Parents Sue, Demand More Security After Student Fight Caught on Tape

A school security guard can be seen trying to break up a student fight as another starts behind her at Victory Collegiate High School in Brooklyn.

Parents Sue, Demand More Security After Student Fight Caught on Tape

The fight broke out between former members of the school's cheerleading squad.

A fight caught on tape at a Brooklyn, N.Y., high school shows a security guard unable to contain the violence, prompting a call for added security by parents.

On December 18, cell phone video was taken of a fight between members of a cheerleading squad outside of a locker room at Victory Collegiate High School in Canarsie.

In the video, a school safety agent is seen trying to break up one fight as another one begins behind her. Additional staff members showed up several minutes later and the fighting was contained.

The cheerleading squad, which consisted of students from both Victory Collegiate High School and Brooklyn Theatre Arts High School as both are located in the same building, was recently shut down by the coach, reports NY Daily News.

The two targets in the brawl were reportedly former members who had attended Brooklyn Theatre Arts High School. The mother of one of the victims claims her daughter was attacked by former members from Victory Collegiate due to favored status by the coach.

The families of the two alleged targets are planning to sue the school for lack of security.

“This is a school that’s known to have a lot of violence, and there was only one security person who was there and she couldn’t handle it. No one is secure in a situation like that. The school is not supervised,” said Marcel Florestal, the families’ attorney.

Laniiah Petersen, a student who was suspended for five days for her role in the fight, agreed more security is needed.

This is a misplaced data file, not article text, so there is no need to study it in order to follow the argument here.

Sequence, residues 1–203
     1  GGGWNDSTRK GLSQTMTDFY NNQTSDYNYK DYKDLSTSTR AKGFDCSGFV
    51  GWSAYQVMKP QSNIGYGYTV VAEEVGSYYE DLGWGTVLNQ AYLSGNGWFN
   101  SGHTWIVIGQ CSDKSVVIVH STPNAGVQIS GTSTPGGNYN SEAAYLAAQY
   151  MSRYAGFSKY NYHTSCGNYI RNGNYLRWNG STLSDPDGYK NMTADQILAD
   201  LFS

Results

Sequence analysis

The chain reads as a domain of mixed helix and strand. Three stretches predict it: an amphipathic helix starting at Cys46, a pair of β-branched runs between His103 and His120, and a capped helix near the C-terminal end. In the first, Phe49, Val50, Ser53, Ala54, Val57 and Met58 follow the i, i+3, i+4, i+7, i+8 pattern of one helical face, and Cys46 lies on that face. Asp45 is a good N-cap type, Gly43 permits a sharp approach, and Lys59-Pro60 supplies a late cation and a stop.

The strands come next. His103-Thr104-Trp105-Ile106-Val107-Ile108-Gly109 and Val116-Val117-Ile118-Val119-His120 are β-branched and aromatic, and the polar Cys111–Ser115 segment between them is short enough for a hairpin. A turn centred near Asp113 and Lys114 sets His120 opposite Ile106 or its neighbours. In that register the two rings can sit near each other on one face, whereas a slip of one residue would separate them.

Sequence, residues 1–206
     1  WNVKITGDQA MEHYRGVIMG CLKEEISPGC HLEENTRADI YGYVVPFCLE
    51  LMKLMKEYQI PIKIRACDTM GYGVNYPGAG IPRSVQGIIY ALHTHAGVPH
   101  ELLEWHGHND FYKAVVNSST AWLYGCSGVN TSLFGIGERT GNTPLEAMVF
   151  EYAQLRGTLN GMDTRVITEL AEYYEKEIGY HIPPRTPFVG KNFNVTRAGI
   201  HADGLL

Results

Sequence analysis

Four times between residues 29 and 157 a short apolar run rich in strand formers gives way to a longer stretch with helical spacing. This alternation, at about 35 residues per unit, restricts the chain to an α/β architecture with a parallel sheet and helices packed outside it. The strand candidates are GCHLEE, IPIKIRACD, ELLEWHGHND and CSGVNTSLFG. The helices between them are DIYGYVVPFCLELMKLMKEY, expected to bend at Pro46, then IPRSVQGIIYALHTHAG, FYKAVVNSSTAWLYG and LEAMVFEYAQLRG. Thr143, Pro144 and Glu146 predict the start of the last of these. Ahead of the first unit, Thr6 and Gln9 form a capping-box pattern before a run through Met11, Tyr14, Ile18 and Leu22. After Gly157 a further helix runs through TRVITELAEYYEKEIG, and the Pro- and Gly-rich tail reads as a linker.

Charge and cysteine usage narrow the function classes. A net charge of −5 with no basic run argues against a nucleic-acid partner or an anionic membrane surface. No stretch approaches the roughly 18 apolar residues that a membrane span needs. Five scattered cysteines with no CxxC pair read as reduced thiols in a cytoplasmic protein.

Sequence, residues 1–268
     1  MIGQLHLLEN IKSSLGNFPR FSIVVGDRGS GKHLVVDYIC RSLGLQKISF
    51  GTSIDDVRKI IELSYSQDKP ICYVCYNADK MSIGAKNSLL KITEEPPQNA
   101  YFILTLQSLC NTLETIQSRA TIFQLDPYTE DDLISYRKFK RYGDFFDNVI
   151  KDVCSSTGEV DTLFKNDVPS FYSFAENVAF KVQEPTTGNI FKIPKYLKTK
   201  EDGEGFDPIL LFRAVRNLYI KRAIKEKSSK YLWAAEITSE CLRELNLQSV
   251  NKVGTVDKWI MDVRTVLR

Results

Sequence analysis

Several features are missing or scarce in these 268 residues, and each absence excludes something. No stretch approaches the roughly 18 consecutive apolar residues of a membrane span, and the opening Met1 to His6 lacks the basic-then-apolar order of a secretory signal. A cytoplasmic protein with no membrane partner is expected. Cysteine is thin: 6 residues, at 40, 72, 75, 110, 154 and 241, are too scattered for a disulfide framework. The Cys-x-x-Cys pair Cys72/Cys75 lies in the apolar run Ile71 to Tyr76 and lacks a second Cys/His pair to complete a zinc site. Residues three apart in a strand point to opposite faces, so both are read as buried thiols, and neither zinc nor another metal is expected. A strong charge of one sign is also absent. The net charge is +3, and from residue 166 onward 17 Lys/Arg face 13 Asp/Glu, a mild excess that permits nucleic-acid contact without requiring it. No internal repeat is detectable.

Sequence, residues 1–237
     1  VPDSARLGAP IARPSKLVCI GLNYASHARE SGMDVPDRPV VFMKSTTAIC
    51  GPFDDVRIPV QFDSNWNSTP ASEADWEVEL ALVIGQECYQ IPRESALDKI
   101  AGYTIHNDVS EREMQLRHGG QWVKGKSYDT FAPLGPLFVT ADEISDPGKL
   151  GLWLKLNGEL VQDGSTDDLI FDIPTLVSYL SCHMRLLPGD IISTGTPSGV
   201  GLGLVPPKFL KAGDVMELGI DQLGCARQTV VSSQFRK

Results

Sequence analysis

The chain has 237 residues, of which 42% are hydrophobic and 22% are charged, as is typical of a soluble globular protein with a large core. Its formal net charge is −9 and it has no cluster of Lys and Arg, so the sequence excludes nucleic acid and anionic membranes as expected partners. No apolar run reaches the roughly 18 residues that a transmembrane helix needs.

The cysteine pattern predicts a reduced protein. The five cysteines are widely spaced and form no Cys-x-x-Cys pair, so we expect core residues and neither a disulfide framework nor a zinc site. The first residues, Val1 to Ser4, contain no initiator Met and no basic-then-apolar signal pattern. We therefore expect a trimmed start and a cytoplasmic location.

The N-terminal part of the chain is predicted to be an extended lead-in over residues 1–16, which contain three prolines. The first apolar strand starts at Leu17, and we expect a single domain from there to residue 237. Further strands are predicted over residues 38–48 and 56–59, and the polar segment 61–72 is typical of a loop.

“They need to put more guards. I didn’t want to fight but I was just doing what I had to do.”

One of the girls was treated at a local hospital for a black eye and a fractured facial bone. The other refused to return to school for a week following the fight, according to Rare.

Precious Thomas, an aunt of one of the victims, says the girls were specifically targeted in an area of the school that is known among students to be lightly supervised by security.

“This is a location where people meet up to fight,” Thomas said. “It was a full brawl. How it was that it could occur at a school during school hours baffled me.”

The parents of both victims say school officials did not properly investigate the incident, did not contact police and did not adequately discipline the students who were involved.

Miranda Barbot, a spokeswoman for the Department of Education, wouldn’t say if officials are investigating the incident or if staff called the police, but says the incident was “swiftly addressed and appropriate disciplinary action was taken”.

Police would not say how many school safety agents are assigned to the building but that the incident was able to be handled internally.

“School safety agents assigned to the building responded and it was appropriate for the incident to be handled administratively by school,” said Lt. John Grimpel, a police spokesman.

The building where the fight broke out used to be South Shore High School, a violence-prone school where one student was fatally stabbed in 1990 and another in 1992.

The Bloomberg administration broke up the school into smaller schools in 2010 but the same building still houses six schools where violence continues, according to the NY Daily News. All students are required to pass through a metal detector.

In a 2017 school survey, 71 percent of students said they felt safe in the hallways, locker rooms and bathrooms compared to the citywide average of 85 percent.

Another 54 percent said bullying happens most of the time or all of the time compared to the citywide average of 37 percent.

About the Author

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Amy is Campus Safety’s Senior Editor. Prior to joining the editorial team in 2017, she worked in both events and digital marketing.

Amy’s mother, brother, sister-in-law, and a handful of cousins are teachers, motivating her to learn and share as much as she can about campus security. She has a minor in education and has worked with children in several capacities, further deepening her passion for keeping students safe.

In her free time, Amy enjoys exploring the outdoors with her husband, her 2 children and her dog.

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